I’ve been anticipating this movie for months, after seeing the first trailers in the theater. It’s not just because I have sentimental memories of playing LEGOs with my son (who is now a bona fide LEGO scholar–yes, I mean that). It’s also because any animated feature boasting the voices of both Morgan Freeman and Liam Neeson stands a good chance of being, well, awesome. (Cameos by Channing Tatum, Jonah Hill, Cobie Smulders, Billy Dee Williams and even Shaquille O’Neal couldn’t hurt either.)
The verdict? Nothing LEGO has thumbs, but if they did, they’d all be up.
LEGO corporate has already raised marketing to an art form, so one has to expect the movie to be a bit of a commercial. Minifigs (LEGO-speak for “mini-figures,” or little plastic characters) and even entire scenes from the film are available for purchase–and they’re not cheap.
But if selling toys were the only motivation, they wouldn’t have needed to lavish so much loving creativity on the visuals and storyline.
On the surface, the tale is a familiar one, a Joseph Campbell-esque hero’s journey that simultaneously draws upon and sends up every Hollywood cliché imaginable. Emmet (Chris Pratt) is a construction worker, a likable but lonely drone who occupies the unexceptional end of the minifig hierarchy. By accident, he stumbles onto the Piece of Resistance, a fabled object that represents the last hope for saving LEGOkind from the evil schemes of Lord Business (Will Ferrell) and his minions, including Bad Cop/Good Cop (Neeson). Emmet is rescued by an adventuress named Wyldstyle (Elizabeth Banks) who assumes he is The Special, the prophesied savior. Aided by Wyldstyle and her egotistical boyfriend Batman (Will Arnett), and mentored by the mysterious and blind Vitruvius (Freeman), Emmet sets out to bring the Piece of Resistance into Lord Business’ evil lair, and foil his plan to capture the Master Builders and glue all LEGOs permanently into place.
At this level of narrative, we are left with the tried-and-true moral that Even Ordinary People Can Do Great Things If They Just Believe. But the charm and genius of the movie lie in its persistent dedication to the LEGO universe itself. It’s like kids bringing buckets of LEGO pieces to a play date and having a movie studio put at their disposal. The animation takes pains to preserve the jerky, brick-by-brick feel of stop-motion. Wild juxtapositions mirror how kids combine pieces and ideas from different LEGO sets, as when Abraham Lincoln takes off in a rocket-powered chair. And the writers gleefully play out the visual implications of working within the minifigs’ limited range of movement, whether it’s Emmet’s hilarious attempt at jumping jacks or the moment when Wyldstyle’s hair is supposed to sweep alluringly across her face in slow-motion–which means one rigid piece of plastic swiveling back and forth on top of another.
I’ll refrain from giving away the surprising meta-turn the script takes as it careens towards its climax. Suffice it to say that it embodies a quintessentially LEGOphile question that forms the central tension of the story: is life about unfailingly following the instructions, as Lord Business would have it, or about imagination and creative possibility, as the Master Builders would have it?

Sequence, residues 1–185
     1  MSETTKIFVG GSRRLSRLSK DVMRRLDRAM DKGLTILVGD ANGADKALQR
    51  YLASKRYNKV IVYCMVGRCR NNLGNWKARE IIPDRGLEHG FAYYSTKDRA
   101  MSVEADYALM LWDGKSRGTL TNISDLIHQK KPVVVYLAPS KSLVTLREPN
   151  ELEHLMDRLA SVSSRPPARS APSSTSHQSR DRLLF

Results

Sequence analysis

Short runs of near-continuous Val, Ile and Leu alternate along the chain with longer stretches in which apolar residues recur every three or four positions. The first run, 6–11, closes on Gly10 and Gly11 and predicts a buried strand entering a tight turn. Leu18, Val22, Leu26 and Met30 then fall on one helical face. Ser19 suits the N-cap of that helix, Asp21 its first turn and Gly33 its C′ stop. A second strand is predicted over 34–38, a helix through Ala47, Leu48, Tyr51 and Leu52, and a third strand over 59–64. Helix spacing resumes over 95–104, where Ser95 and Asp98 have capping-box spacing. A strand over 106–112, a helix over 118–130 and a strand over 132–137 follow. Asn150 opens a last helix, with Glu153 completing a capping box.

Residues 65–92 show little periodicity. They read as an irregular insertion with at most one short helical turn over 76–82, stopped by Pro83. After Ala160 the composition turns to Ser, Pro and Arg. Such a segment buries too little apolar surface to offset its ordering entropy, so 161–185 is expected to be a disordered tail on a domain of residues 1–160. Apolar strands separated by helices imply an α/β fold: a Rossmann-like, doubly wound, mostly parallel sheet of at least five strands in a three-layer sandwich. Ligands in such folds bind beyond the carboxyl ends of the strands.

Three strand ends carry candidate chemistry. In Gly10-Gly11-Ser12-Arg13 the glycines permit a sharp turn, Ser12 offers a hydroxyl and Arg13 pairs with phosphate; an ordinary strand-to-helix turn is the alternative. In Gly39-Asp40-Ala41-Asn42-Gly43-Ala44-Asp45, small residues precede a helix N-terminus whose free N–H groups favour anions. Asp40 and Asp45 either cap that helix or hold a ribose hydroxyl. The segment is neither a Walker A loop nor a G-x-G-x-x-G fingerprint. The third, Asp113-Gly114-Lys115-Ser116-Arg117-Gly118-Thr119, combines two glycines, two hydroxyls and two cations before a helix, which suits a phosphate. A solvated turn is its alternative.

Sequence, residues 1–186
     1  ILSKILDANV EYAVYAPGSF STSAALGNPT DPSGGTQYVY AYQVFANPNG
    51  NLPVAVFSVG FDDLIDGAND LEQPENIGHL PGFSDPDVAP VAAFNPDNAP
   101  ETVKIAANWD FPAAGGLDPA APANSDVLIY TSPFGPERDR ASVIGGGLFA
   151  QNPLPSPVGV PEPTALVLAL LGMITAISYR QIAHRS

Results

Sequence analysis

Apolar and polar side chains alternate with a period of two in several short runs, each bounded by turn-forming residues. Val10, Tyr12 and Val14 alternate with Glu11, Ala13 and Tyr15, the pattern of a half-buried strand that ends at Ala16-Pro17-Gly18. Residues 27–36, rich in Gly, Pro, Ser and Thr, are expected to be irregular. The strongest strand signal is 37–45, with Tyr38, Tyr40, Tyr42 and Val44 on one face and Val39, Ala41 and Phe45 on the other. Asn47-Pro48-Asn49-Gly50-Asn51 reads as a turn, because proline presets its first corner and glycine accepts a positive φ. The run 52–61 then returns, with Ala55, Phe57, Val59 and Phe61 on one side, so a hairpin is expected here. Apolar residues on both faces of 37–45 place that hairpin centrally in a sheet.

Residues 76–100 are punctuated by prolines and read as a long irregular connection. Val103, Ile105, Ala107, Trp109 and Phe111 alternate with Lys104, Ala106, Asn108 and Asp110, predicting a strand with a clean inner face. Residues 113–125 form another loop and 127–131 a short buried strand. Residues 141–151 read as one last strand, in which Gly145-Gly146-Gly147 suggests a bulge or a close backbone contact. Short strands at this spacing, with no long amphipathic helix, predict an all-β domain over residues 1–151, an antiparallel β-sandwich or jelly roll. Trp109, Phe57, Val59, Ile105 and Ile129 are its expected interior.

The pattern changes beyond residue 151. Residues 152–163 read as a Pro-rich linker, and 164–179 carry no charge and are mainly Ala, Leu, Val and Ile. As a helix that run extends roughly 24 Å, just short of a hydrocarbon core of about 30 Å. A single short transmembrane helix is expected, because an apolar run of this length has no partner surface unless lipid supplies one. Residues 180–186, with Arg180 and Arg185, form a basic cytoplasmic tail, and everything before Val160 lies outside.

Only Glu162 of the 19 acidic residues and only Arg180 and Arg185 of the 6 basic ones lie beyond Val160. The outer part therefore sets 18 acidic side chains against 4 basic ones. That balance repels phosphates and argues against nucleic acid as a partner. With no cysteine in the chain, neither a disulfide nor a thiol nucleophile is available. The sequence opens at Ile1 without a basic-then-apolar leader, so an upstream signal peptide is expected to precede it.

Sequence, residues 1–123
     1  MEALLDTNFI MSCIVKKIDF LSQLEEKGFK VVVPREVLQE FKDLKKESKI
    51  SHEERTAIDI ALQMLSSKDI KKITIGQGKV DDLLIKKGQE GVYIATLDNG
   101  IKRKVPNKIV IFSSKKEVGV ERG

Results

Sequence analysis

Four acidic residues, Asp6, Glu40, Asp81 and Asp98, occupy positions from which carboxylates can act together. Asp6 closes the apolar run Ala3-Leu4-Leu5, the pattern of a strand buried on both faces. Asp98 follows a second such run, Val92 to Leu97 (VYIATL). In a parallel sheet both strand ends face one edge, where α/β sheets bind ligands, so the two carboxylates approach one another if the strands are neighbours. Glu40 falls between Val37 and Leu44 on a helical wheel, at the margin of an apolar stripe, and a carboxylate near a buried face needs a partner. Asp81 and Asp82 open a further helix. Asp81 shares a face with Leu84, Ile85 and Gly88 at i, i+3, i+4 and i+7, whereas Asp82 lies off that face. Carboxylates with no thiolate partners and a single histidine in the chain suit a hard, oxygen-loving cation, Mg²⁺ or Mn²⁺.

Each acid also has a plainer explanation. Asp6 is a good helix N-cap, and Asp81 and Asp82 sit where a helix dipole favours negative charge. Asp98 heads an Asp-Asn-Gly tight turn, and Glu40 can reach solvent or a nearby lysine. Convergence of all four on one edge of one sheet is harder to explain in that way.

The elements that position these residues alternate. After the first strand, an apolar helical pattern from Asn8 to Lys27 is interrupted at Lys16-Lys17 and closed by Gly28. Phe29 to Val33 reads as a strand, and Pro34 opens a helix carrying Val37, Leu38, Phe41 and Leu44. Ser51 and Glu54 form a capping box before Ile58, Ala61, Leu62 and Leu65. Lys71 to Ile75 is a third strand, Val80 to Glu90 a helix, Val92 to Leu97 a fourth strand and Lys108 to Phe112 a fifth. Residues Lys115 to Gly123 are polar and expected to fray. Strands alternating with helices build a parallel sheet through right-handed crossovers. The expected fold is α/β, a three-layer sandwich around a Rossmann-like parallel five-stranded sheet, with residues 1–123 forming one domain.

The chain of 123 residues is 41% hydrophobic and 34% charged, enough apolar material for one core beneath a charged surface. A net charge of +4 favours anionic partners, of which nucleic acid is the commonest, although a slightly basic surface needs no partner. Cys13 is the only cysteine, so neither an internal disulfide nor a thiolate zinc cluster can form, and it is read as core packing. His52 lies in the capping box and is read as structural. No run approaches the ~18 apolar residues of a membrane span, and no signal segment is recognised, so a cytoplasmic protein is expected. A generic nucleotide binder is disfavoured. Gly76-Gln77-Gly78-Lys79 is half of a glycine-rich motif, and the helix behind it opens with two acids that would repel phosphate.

Not surprisingly, the script leans heavily toward the latter–but not entirely. Emmet realizes that while he seems far less gifted than his companions, their unconventionality as individuals makes it harder for them to coordinate toward a common goal. They need a man with a plan, and if anyone knows about following instructions, it’s Emmet.
With its PG rating, the movie is about as family-friendly as it gets. The action/violence is highly stylized (kid-friendly dismemberment?), some of the humor derives from the fact that minifigs have no pants, and there are some moments of romantic tension between Wyldstyle and Batman that will probably sail over the heads of younger audience members.
Beyond that, though, the script’s implicit theology is worth a discussion for those so inclined. Lord Business (who is also President Business) cultivates a highly-ordered moral universe in which there are instructions for everything, virtue consists of conforming to the rules, and rugged individuality is a threat to be brought under control. That vision clashes with the gospel of freedom and creativity represented by the Master Builders.
Against that imaginative background narrative, how should we understand the moral vision of the Christian life? To what extent is it about following instructions as opposed to individual improvisation? And perhaps more specifically: what would it mean for people of either persuasion to live in a community defined as one body with many parts and a variety of gifts given by God to serve the whole?
Be careful how you build.